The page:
John Le Carre's fictional spy, George Smiley, while being hugely successful defending England from her enemies, struggles in his private life with a dysfunctional marriage. At one point while replaying a recent argument in his head (as many of us do), he recalls retorting to his wife: "just because I'm wrong, doesn't mean you’re right". It seems to me that in many cases, the inverse of this is also true: our being right doesn't necessarily make someone else wrong.
As we head into another presidential campaign cycle (yikes, I can’t believe its that time already!) we can already see an acrimonious national discourse further deteriorate. And while I won’t comment on any of the candidates on either side, it’s worthwhile reflecting on our reaction to the messages with which we are being bombarded. How do we sift through the noise? Are we already so overwhelmed, angry, polarized, fearful, that we have stopped listening? Are we like the two disciples in Luke’s gospel after the crucifixion, on the road to Emmaus, just looking to physically go somewhere else? So how might we stay engaged without contributing to the vitriol and becoming part of the problem?
Recently I heard a metaphor that was used by a Syrian monk some 2000 years ago. He said our spiritual lives could be described as being like a chariot wheel. God is the center, and all of us are the spokes: Christians, Muslims, Prisoners, LGBT, Republicans, Immigrants, Democrats, the smelly homeless guy, that unpopular person in the office……. and so on. And the closer we can be to the center, to God, the more we can see we are really one. The more we can see or seek out whatever “truth” there might be in that other person.
However, the further we move along each spoke, away from the center, the more distance grows between us. The easier it becomes to objectify, even vilify or attack one another. So the challenge becomes, how do we stay close to our common center?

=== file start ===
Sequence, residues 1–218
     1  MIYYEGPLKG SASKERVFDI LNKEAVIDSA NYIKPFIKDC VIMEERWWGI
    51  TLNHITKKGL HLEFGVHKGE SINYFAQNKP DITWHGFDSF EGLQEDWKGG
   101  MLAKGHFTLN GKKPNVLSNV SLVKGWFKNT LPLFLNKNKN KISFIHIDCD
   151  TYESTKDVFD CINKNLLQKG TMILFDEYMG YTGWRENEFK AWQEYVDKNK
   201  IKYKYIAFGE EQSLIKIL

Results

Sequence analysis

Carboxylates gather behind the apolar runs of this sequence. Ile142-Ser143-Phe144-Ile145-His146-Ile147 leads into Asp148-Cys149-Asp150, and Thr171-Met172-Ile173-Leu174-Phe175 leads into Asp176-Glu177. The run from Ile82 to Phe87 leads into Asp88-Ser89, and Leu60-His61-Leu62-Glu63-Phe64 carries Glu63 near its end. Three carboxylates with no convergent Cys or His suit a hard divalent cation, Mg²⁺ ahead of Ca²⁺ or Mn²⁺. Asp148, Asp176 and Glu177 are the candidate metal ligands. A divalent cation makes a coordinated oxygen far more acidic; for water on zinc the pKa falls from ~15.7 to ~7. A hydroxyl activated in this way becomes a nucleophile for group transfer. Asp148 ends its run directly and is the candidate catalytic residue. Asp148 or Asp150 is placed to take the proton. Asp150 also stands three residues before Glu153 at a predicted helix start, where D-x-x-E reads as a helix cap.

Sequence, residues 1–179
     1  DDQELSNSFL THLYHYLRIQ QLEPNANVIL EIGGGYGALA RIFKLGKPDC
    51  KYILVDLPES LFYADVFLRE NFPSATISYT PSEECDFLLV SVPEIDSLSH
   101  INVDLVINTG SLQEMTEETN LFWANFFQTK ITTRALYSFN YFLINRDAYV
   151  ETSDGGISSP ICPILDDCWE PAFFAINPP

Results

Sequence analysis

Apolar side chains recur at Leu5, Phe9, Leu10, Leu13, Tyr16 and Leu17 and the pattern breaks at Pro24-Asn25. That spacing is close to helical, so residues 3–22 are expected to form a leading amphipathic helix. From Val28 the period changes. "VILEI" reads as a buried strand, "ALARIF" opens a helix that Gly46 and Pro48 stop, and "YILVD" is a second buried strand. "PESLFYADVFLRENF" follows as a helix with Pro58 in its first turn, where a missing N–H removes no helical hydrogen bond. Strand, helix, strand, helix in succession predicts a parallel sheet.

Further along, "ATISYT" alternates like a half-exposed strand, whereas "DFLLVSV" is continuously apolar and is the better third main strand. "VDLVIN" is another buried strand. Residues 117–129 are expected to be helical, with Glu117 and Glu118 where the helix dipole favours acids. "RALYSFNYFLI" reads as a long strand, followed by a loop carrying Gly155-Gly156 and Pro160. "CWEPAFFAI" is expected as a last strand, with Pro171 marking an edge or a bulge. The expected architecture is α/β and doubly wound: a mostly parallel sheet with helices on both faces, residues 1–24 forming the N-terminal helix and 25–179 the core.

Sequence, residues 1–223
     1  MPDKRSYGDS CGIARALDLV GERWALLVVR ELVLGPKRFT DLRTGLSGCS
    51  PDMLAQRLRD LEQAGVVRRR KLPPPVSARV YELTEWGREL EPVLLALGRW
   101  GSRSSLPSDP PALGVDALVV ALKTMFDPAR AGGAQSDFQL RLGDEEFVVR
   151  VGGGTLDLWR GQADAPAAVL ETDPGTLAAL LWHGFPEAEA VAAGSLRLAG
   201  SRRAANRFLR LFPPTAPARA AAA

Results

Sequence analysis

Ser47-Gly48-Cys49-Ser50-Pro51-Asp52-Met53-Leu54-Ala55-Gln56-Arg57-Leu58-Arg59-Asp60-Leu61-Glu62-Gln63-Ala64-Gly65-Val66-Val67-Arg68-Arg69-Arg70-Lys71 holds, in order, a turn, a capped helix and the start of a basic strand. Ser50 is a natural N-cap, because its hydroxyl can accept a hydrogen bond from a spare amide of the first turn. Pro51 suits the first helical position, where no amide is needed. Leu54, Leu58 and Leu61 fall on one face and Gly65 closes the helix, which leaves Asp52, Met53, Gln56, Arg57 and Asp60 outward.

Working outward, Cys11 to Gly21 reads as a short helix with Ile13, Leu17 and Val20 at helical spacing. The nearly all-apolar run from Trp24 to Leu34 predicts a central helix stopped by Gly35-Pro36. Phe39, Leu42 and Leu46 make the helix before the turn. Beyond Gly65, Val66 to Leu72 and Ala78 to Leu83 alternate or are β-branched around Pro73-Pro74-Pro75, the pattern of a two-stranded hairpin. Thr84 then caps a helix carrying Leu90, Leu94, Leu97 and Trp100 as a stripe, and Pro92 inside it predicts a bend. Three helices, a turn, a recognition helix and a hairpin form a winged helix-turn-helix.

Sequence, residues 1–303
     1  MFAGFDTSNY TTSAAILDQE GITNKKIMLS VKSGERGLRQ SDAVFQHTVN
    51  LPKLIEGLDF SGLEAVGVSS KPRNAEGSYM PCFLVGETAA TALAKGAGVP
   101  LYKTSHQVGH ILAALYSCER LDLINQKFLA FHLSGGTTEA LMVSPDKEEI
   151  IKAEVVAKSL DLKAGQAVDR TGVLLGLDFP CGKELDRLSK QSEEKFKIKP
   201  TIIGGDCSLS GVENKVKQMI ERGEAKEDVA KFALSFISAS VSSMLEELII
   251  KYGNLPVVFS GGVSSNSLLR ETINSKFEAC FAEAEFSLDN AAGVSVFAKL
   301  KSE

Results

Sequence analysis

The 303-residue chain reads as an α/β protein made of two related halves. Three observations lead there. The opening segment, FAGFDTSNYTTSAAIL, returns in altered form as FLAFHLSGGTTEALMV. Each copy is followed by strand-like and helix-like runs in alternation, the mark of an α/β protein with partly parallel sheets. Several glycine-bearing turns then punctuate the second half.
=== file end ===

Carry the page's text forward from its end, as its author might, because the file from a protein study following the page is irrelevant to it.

While the disciples going to Emmaus were fortunate enough to have Jesus in person explain things in the local language and “set their hearts burning within them”, we probably need to take a different route. The language God most often uses today, and has since time began, is Silence. A Silence that is not just or even necessarily, an absence of noise (though no words are needed), but an interior Silence so we can turn our hearts to God, who knows and understands all of our trials and tribulations, and to listen for His loving guidance.
Recently in one of his homilies, Msgr. Andreano said that we need to realize that we are all, first and foremost, citizens of the Kingdom of God, and that this is our primary citizenship. All other loyalties are secondary. It is in this context, or against this backdrop, that we need to listen first to God, before listening to these various people who are looking for our votes.
So yes, we will continue to hear messages with which we might really disagree and which make us angry. And yes, passionate debate can be a good way to explore all sides of an issue. But when we find ourselves getting progressively more upset with angry words ready to burble out of our mouths, it might be time to take a step back. To seek out that Silence in our prayer lives. Many times in the gospels we see Jesus taking time out to go and pray. He understood very clearly that for Him to do His father’s work, He needed to be grounded in the Father. Without prayer He couldn’t fulfill His ministry here on earth and do that for which He was sent. And guess what, neither can we.